WhatsApp adds new privacy tools, including online activity controls and the ability to silently leave group chats


Amid ongoing concerns about how it can be used to organize criminal activity, due to its default encryption process, WhatsApp has announced additional privacy features, giving users even more reassurance and control. , in various respects.

First, WhatsApp gives users more control over how others see them in the app, with the ability to disable online activity markers or restrict such signals to certain users.

As shown here, you’ll soon be able to decide who can see when you’re online in the app – “Everyone”, “Contacts”, “My contacts except” or “Nobody”.

This will provide more ability to avoid unwanted interactions by hiding your active status, which could be of significant value for users who want to conduct their interactions in their own time and space.

WhatsApp is also adding a new option to leave groups silently, so you can ignore a group chat without alerting everyone in the group.

WhatsApp updates

As you can see, group admins will still know that you’ve left the chat, but there won’t be a “John Doe left chat” notification for everyone in the thread.

In addition to this, WhatsApp also extends the time window to delete your messages from your chats.

And finally, WhatsApp also blocks screenshots for “View Once” messages:

see once is already an incredibly popular way to share photos or media that doesn’t need to have a permanent digital record. We are now enabling screenshot blocking for View Once messages for an extra layer of protection. We are currently testing this feature and are excited to roll it out to users soon. »

WhatsApp updates

This could facilitate even more private sharing on WhatsApp, which could lead to more questionable material being shared. If that’s what people want – although this specific aspect has also been the subject of various authorities, in various regions, who have called upon Meta to allow a level of messaging access to authorities, in order to to prevent its applications from being used for illegal activities, which is currently protected by its privacy measures.

Recently, the The UK’s National Cyber ​​Security Center has published a research paper which proposed a new automated scanning process for WhatsApp and other messaging tools, which would make it easier to detect illegal exchanges, while preserving user privacy. The European Union has also offered new legislation that would require Meta itself to detect and report any such activity within its platforms.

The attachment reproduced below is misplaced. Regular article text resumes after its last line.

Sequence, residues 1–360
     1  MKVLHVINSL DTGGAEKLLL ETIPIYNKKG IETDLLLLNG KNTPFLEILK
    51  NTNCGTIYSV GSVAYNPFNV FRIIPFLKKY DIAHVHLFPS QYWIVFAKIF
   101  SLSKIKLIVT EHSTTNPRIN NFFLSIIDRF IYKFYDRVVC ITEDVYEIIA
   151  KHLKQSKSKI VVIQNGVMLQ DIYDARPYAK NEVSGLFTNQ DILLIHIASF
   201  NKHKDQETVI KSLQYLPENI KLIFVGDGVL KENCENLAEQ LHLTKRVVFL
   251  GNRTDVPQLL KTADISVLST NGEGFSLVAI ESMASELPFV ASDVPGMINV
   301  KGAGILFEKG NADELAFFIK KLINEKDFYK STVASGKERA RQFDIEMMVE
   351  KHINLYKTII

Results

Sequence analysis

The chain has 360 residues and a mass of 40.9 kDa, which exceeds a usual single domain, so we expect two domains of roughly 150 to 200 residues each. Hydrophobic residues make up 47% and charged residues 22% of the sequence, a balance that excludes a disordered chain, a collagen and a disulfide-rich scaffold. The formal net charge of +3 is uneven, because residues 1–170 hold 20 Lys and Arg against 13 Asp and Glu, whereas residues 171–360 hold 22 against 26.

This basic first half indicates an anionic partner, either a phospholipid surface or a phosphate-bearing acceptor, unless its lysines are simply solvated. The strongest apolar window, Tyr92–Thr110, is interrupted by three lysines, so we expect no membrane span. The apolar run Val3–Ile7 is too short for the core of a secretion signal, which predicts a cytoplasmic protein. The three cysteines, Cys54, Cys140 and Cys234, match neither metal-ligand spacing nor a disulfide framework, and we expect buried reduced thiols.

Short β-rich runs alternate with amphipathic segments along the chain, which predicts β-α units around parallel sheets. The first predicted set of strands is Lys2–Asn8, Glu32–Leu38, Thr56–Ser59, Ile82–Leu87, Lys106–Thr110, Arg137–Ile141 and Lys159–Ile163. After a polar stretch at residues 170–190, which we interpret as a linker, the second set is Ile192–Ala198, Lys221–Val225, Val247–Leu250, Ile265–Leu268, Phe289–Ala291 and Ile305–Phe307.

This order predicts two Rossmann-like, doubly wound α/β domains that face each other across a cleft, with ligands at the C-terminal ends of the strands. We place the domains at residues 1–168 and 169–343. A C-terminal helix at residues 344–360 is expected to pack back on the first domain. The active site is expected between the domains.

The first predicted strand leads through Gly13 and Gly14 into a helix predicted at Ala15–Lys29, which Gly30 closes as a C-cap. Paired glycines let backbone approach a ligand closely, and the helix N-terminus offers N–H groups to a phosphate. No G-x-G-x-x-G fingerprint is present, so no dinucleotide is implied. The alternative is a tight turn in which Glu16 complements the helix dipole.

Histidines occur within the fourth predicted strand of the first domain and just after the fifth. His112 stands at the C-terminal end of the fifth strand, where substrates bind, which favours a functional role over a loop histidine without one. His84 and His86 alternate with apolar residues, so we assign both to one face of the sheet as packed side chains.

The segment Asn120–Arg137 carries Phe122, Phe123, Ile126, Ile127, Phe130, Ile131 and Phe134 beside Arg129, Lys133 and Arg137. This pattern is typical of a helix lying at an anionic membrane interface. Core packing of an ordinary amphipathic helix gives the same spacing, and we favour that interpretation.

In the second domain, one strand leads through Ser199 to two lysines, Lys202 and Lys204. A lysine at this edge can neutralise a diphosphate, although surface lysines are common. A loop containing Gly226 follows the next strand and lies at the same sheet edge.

So far, Meta has resisted all calls to add “backdoor” access, or something like that, arguing that the trade-off between all users’ privacy and detecting the small percentage of criminal activity is simply too important to consider. .

As WhatsApp chief Will Cathcart explained in response to the UK proposal:

“What’s being offered is that we read – directly or indirectly through software – everyone’s messages. I don’t think people want that.”

Indeed, Meta is still rolling out end-to-end encryption across all of its messaging tools, with Messenger and Instagram Direct both benefiting from enhanced security features, to bring them in line with WhatsApp.

The next step, therefore, will be to integrate all of its messaging platforms into a single back-end, facilitating cross-platform chat – although Meta has delayed full implementation of this due to ongoing regulatory issues and concerns.

And there is a valid concern here. An indisputable side effect of social media’s connecting capacity is that while social platforms and messaging apps allow everyone to “find their tribe”, those tribes are not always healthy communities of knitting enthusiasts and knitting fans. ‘TV shows.

Sometimes these tribes are dangerous, even criminal. And with encryption hiding such exchanges, it’s unclear to everyone how important that might be, and what kinds of WhatsApp activity might be facilitated by its circuitry.

But as Cathcart notes, the alternative is that all of WhatsApp’s 2 billion active users lose their privacy, due to the actions of a few.

This is a difficult argument, which should go on for some time yet.


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